In this last case it is expressly held that "where there are no words of inheritance in the instrument, or where the word `heirs' does not appear in any part of the deed except in connection with the name of the bargainor, or with some expression, such as `party of the first part,' used in the clause of warranty, or elsewhere, to designate the grantor, the deed, if executed before the act of 1879 was passed, will be construed as vesting only a life estate in the bargainee. Stell v. Barham, 87 N.C. 62."
We are advertent to a line of cases which hold that where the word "heirs" does not appear anywhere in the deed, upon an allegation in the pleadings of mistake, etc., a court of equity will construe the deed as passing a fee simple, when upon the instrument itself such intention plainly appears. Vickers v. Leigh, 104 N.C. 248; Real Estate Co. v. Bland, supra. The pleadings in this case fail to present such question. The answers of the defendants contain no allegation that the word "heirs" was omitted by mistake and that it was the plain intention of the grantor, William Lassiter, to convey the land to his daughter Sarah and her then living children in fee. The defendant asks for no equitable relief. But we are not prepared to say that upon the face of this deed it was the manifest intention of William Lassiter to give the land to Sarah Cullens and her then living children in fee to the exclusion of those after-born. It was more likely his intention to convey it to Sarah herself in fee and after her death to her children, using the word "children" in the sense of heirs of her body. But under the settled decisions of this Court the instrument fails to effectuate such purpose, and in our opinion conveys to Sarah and her children living at date of the deed an estate for life as tenants in common. It therefore follows that the defendant William E. Cullens is the owner for his life of one-fourth interest in the land, and is entitled to the same life interest in one-fourth of the proceeds of sale.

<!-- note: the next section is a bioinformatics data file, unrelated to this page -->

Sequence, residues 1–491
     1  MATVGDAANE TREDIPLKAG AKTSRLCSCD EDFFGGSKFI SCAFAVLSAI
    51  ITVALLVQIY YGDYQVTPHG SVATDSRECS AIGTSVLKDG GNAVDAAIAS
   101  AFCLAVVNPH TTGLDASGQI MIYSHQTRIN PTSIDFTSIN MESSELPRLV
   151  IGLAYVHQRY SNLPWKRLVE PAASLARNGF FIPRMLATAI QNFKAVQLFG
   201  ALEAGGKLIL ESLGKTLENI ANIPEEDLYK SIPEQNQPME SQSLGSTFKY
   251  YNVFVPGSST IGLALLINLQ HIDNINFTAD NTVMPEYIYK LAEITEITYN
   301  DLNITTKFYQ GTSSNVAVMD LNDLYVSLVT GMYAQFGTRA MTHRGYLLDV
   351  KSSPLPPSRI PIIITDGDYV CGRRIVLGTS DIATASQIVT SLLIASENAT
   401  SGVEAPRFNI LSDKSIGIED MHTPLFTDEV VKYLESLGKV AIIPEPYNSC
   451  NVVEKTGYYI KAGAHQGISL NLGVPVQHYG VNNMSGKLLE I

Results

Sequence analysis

It may be that when William Lassiter died the fee descended to Sarah, his daughter, if she was his only heir, and if so, the defendant (348) William E. Cullens would inherit along with the other heirs at law of Sarah. That will be inquired into on next trial.
The effect of the special proceeding for partition in 1865 between the heirs at law of William Lassiter was not passed on by the judge below and is not presented on this appeal by any assignment of error, and the same is true as to evidence which the court declined to hear, that Sarah Cullens had been in the adverse possession of the land from 1867 to her death in 1911. As Sarah was a life tenant, and as such in possession, we fail to see how she acquired title to the fee by adverse possession; but that matter may also be gone into on the next trial.
Cited: Cedar Works v. Lumber Co., 168 N.C. 394.